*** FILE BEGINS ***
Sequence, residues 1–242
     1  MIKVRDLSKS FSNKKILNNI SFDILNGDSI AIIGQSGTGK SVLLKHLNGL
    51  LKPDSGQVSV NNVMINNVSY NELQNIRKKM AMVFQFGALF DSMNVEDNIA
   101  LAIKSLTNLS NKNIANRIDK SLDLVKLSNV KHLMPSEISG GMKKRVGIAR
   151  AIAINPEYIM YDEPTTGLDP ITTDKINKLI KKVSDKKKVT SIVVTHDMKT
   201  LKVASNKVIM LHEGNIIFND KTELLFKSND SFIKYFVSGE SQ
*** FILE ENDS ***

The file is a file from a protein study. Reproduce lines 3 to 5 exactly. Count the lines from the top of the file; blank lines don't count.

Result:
    51  LKPDSGQVSV NNVMINNVSY NELQNIRKKM AMVFQFGALF DSMNVEDNIA
   101  LAIKSLTNLS NKNIANRIDK SLDLVKLSNV KHLMPSEISG GMKKRVGIAR
   151  AIAINPEYIM YDEPTTGLDP ITTDKINKLI KKVSDKKKVT SIVVTHDMKT